Posts Tagged ‘West Michigan’

If You have Wings…Use Them!

March 17, 2011

It’s funny sometimes the lessons that nature can teach you.  Just watch some of the critters in your neighborhood sometime and you will be amazed.

A couple of weeks ago West Michigan was provided one of those rare early spring days where the sun was shining warmly and there was only a slight breeze.  I decided to eat my lunch at a local park and enjoy a few moments of quiet.  As I surveyed the area I looked out over the small pond taking notice of the large gathering of ducks huddled tightly in the one area of open water no longer covered with ice.  Since this is quite the hangout for the city duck population I quickly noticed several other smaller gatherings.

However I was particularly drawn to a quant group of four.  They busily made their way up the lawn and into the parking lot, rounding my vehicle in search of whatever morsel intrigues a duck these days.  Their self-guided tour eventually led them to the other side of my vehicle and a small ridge of now icy snow melt.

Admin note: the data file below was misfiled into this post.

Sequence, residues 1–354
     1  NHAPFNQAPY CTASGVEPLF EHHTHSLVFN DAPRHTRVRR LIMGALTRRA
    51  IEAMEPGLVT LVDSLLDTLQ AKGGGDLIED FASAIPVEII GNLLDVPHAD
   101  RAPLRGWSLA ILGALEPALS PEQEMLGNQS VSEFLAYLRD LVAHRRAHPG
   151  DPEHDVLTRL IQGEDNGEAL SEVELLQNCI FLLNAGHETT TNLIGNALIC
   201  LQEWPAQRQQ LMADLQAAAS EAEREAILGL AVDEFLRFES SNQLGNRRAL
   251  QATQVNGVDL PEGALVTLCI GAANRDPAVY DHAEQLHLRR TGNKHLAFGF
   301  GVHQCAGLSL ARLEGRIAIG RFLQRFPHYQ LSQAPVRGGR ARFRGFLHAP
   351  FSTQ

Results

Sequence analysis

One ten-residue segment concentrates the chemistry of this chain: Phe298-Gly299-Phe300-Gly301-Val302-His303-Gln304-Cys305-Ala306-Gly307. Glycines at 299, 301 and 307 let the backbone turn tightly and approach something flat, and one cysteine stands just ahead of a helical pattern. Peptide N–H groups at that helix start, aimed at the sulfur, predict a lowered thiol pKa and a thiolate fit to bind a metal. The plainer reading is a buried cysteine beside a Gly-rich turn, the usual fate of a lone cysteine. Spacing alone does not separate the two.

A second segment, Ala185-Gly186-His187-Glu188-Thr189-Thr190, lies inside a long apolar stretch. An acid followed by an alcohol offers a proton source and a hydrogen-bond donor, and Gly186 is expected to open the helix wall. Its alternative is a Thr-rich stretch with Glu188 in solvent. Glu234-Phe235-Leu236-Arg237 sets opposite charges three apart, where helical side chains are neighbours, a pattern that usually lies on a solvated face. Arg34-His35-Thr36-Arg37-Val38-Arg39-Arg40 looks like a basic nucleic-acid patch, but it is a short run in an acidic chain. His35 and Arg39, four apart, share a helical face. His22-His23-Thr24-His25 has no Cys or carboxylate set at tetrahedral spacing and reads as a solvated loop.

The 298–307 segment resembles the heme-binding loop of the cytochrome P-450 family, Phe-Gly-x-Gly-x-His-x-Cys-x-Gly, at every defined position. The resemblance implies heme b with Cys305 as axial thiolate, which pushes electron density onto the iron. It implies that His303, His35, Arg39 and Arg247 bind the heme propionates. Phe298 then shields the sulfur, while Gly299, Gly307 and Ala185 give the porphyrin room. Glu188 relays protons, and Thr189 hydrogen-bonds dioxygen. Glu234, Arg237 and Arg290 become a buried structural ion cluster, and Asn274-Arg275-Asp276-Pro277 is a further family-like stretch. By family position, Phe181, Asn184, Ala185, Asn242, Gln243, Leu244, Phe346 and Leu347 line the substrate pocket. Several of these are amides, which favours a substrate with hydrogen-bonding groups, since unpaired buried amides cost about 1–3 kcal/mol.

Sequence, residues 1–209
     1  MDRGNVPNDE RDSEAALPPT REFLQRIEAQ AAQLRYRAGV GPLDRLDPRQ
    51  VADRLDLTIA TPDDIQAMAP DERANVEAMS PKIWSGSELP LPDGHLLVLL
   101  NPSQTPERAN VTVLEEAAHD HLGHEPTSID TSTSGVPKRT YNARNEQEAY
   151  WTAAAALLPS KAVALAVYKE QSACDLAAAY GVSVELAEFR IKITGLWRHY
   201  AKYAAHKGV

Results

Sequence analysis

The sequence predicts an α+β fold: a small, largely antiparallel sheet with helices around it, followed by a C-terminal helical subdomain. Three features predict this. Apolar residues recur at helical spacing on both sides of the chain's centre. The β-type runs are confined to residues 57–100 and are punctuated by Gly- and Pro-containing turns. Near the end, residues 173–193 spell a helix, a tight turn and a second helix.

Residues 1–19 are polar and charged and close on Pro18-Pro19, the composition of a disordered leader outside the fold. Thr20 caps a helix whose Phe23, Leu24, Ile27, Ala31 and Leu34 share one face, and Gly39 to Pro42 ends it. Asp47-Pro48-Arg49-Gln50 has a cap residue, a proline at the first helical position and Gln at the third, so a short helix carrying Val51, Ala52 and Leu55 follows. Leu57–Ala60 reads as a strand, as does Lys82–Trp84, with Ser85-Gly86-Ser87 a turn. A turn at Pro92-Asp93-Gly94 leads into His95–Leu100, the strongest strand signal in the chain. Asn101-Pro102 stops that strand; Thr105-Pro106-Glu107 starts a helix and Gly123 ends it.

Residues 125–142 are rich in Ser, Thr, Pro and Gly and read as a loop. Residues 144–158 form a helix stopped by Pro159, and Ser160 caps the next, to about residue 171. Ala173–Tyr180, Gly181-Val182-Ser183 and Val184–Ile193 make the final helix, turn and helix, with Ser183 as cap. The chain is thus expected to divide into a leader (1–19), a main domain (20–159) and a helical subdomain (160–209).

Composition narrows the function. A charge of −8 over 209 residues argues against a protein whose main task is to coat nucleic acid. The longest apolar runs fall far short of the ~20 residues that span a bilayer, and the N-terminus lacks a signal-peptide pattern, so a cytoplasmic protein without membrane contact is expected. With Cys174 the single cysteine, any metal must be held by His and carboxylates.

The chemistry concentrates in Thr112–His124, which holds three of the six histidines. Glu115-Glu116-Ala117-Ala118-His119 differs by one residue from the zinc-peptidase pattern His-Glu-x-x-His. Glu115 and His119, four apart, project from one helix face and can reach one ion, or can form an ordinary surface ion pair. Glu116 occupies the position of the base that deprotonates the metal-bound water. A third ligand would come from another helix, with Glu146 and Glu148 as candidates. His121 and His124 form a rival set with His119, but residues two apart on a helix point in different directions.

Surveying the obstacle before them, the first duck steadily climbed to the top and then proceeded down the other side in the most self-controlled, not to be outdone, Shaun White take some notes slide.  This duck was cool! 

The second duck could not see what lay on the other side of this ridge, but was able to surmise that his friend had indeed done so safely.  Duck #2 climbed to the top, confirmed the status of his cool friend and also slid down to the other side.  While his performance was not nearly so stylized or even controlled he did reach the bottom with all feathers and dignity still in tack.

Then it was time for duck #3.  Duck #3 struggled some to reach to top of the obstacle but after some exertion did manage to do so.  At this point duck #3 began to study the surroundings.  There was a little lean to the right, a lean to the left and slight tilt forward and then a whole lot of roll.  We’re talking tail feathers over beak, complete summersault, look-out below, crash landing spectacle.  Once this poor creature reached the bottom there was a great ruffling of feathers in an attempt to regain whatever shred of dignity remained.  It was a sight.